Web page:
Why Didn’t Alabama’s -.07 Reaction Time DQ Their SEC Record Relay?

Braden Keith
by Braden Keith 15

February 15th, 2022 College, News, SEC

2022 SEC SWIMMING & DIVING CHAMPIONSHIPS

When the Alabama women broke the SEC Record in the 200 medley relay to open up the 2022 SEC Swimming & Diving Championships, the relay exchanges stood out.

Freshman breaststroker Avery Wiseman registered a -.07 reaction time, senior butterflier Morgan Scott registered a .02 reaction time, and junior freestyler Kalia Antoniou registered a .03 reaction time.

That means, according to the Omega Timing equipment being used at the meet, their aggregate reaction time was negative.

Wiseman’s -.07 is the split that stood out, because on a first pass, it should have resulted in a disqualification.

Rule 4, Article 6, Section c of the NCAA Swimming & Diving Rule Book says that the determination of the relay judging pads is official if the finish time is between -.09 and +.09 seconds from the manufacturer’s starting point. For Omega equipment, which is being used at this meet, that starting point is -.03, meaning that any reaction time between -.04 and -.12 doesn’t need human confirmation to be called, and is an automatic DQ.

The Rule

If the electronic relay takeoff equipment detects an exchange differential (takeoff pad time minus finish pad time) of –0.09 through +0.09 second inclusive from the manufacturer’s starting point, the decision(s) of the human judge(s) shall not be considered. The determination of the electronic relay takeoff equipment shall be official, with exchange differential of –0.09 through –0.01 second from the manufacturer’s starting point indicating a rules violation and values of 0.00 through +0.09 second indicating a legitimate relay exchange.

Rule 4, Article 6, Section g, however, includes a caveat, that the RJP can be overturned if the referee declares a system malfunction, which includes the allowed use of video review.

The Rule

The referee has the ability to declare a system malfunction and not count the electronic readings of a given lane if he has clear evidence that the system has failed. If using the video review system as described in Rule 4-14-7, the referee can review any malfunction. If video review is not being utilized, the referee can elect to not count the reading of an entire heat if the majority of lanes have malfunctioned. Eliminating the readings in one heat is limited to that heat only and all other heat readings remain valid.

The meet’s timing is being managed by Swiss Timing, the same company that manages timing in most sports at the Olympic Games.

Omega overhead cameras are being used at the meet, allowing officials to go frame-by-frame, and they clearly saw Rhyan White’s hand on the wall while Wiseman’s foot was still on the block. The SEC said there was a “soft touch that caused an improper reading, which constituted a system malfunction.”

The same system was used to correct the Kentucky women’s 200 medley relay time, which originally registered about a second slower before being fixed by the cameras, bumping them into 3rd place (and giving them an NCAA Qualifying Time).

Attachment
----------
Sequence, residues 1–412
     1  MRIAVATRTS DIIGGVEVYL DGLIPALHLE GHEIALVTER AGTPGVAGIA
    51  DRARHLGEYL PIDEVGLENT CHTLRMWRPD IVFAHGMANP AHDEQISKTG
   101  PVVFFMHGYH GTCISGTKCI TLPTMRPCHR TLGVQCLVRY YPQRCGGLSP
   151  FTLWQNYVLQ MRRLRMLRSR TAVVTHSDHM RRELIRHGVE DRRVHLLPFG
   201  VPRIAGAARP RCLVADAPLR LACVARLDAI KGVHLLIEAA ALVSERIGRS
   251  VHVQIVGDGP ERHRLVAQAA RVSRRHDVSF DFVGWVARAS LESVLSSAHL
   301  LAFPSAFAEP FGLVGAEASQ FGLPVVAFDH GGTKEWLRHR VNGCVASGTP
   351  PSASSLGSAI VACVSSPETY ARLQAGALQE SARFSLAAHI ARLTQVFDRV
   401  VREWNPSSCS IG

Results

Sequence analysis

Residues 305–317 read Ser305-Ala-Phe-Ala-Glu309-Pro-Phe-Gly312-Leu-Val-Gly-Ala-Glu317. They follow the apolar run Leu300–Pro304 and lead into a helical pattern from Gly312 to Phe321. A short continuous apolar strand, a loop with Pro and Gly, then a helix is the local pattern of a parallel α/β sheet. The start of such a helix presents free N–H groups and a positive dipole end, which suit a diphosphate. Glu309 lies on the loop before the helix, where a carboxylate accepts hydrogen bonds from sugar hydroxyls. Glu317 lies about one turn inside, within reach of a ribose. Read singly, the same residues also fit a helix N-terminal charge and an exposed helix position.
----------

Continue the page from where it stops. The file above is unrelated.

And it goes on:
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David
7 months ago

Great job by the meet officials. Great job by Swiss Timing, and great job by the ‘Bama athletes. That’s the way it should be done. Makes you wonder though … what if Swiss Timing wasn’t there with overhead cameras (like 99% of the meets out there)?

Bamastink
7 months ago

So basically the judge was in favor of whoever beat the record 🤡

Ol' Longhorn
7 months ago

Great coaching, guts, and performances to pull off those reaction times. That, ladies and gentlemen, is how it’s done.

ACC fan
7 months ago

Great follow up article! This is the kind of journalism I love SS for!

DrSwimPhil
7 months ago

If this is the official stance, then there should be concern about a “soft touch” affecting final results (whether it be for placing and/or for qualifying times) in other swims

Nsggshah
Reply to  DrSwimPhil
7 months ago

Milorad Cavic has entered the chat

mcmflyguy
Reply to  Nsggshah
7 months ago

hadn’t laughed out lout today, this got me.

Tom
7 months ago

The fact that the aggregate reaction time was negative is irrelevant to the legality of this swim. A relay doesn’t get DQ’d for having a certain aggregate reaction time. As you do an excellent job of explaining, because of video evidence, this particular swim was deemed legal, despite the -.07 reaction from one swimmer. Cheers!

jeff
Reply to  Tom
7 months ago

these are honestly insane reaction times, props to the Alabama girls

Anonymoose
Reply to  jeff
7 months ago

i thought so too, but then if the -0.07 RT was wrong, why would the other ones be correct?

DCSwim
Reply to  jeff
7 months ago

It’s that #MargoMentality

Riccardo
7 months ago

Checks out since 23.65 is also relatively pedestrian for White.

Explain
7 months ago

Can they provide the replay footage? Looked like a dq from the live footage

About Braden Keith

Braden Keith

Braden Keith is the Editor-in-Chief and a co-founder/co-owner of SwimSwam.com. He first got his feet wet by building The Swimmers' Circle beginning in January 2010, and now comes to SwimSwam to use that experience and help build a new leader in the sport of swimming. Aside from his life on the InterWet, …

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